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cerrar este libroFact Sheets on Environmental Sanitation (WHO; 1996; 328 pages) Ver el documento en el formato PDF
Ver el documentoPresentation
cerrar esta carpetaIntroduction to fact sheets on water
Ver el documentoFact Sheet 2.1: Sanitary inspections
Ver el documentoFact Sheet 2.2: Dug well
Ver el documentoFact Sheet 2.3: Boreholes and tubewells
Ver el documentoFact Sheet 2.4: Springs
Ver el documentoFact Sheet 2.5: Infiltration Galleries
Ver el documentoFact Sheet 2.6: Rainwater collection
Ver el documentoFact Sheet 2.7: Surface water abstraction
Ver el documentoFact Sheet 2.8: Water treatment
Ver el documentoFact Sheet 2.9: Flow measurement and control
Ver el documentoFact Sheet 2.10: Simple sedimentation
Ver el documentoFact Sheet 2.11: Pre-filtration
Ver el documentoFact Sheet 2.12: Slow sand filtration
Ver el documentoFact Sheet 2.13: Coagulation, flocculation and clarification
Ver el documentoFact Sheet 2.14: Rapid sand filtration
Ver el documentoFact Sheet 2.15: Storage tanks
Ver el documentoFact Sheet 2.16: Disinfectants
Ver el documentoFact Sheet 2.17: Chlorine concepts
Ver el documentoFact Sheet 2.18: Chlorine gas or liquid in cylinders
Ver el documentoFact Sheet 2.19: Calcium hypochlorite
Ver el documentoFact Sheet 2.20: Sodium hypoclorite
Ver el documentoFact Sheet 2.21: Continuous chlorination of dug wells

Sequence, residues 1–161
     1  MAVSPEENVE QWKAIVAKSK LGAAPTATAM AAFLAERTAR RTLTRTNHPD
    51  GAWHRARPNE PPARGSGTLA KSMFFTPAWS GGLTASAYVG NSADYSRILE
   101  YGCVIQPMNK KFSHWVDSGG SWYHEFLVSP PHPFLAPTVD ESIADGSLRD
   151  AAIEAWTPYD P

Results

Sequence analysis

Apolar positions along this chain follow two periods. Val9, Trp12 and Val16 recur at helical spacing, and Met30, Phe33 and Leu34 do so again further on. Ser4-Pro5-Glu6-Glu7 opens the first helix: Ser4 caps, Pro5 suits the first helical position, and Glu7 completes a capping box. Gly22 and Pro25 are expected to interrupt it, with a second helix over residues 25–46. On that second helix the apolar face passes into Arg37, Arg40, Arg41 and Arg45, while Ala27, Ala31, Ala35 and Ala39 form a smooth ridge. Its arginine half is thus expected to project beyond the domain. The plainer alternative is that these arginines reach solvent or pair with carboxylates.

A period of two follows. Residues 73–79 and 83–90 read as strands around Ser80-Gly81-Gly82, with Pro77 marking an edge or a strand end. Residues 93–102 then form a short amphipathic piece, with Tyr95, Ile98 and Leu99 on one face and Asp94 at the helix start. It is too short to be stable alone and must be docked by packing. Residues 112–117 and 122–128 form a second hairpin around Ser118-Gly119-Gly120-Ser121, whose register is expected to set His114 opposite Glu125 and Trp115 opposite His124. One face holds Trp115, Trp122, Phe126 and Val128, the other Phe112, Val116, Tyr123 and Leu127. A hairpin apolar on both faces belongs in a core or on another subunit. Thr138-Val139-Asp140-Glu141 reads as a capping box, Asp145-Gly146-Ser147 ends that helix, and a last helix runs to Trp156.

Ver el documentoFact Sheet 2.22: Dosing hypochlorite solutions
Ver el documentoFact Sheet 2.23: Dosing chlorine for cylinders
Ver el documentoFact Sheet 2.24: Hypochlorite tablet dosers
Ver el documentoFact Sheet 2.25: Cleaning and disinfection of wells
Ver el documentoFact Sheet 2.26: Cleaning and disinfection of storage tanks
Ver el documentoFact Sheet 2.27: Cleaning and disinfection of pipelines
Ver el documentoFact Sheet 2.28: Cleaning and disinfection of tanker trucks
Ver el documentoFact Sheet 2.29: Water quality monitoring
Ver el documentoFact Sheet 2.30: Chlorine monitoring at point sources and in piped distribution systems
Ver el documentoFact Sheet 2.31: Chlorine testing
Ver el documentoFact Sheet 2.32: Bacteriological testing
Ver el documentoFact Sheet 2.33: Turbidity measurement
Ver el documentoFact Sheet 2.34: Household water treatment and storage
abrir esta carpeta y ver su contenidoIntroduction to fact sheets on sanitation
abrir esta carpeta y ver su contenidoIntroduction to fact sheets on hygiene education
 

Fact Sheet 2.27: Cleaning and disinfection of pipelines

Why is it important to disinfect pipelines?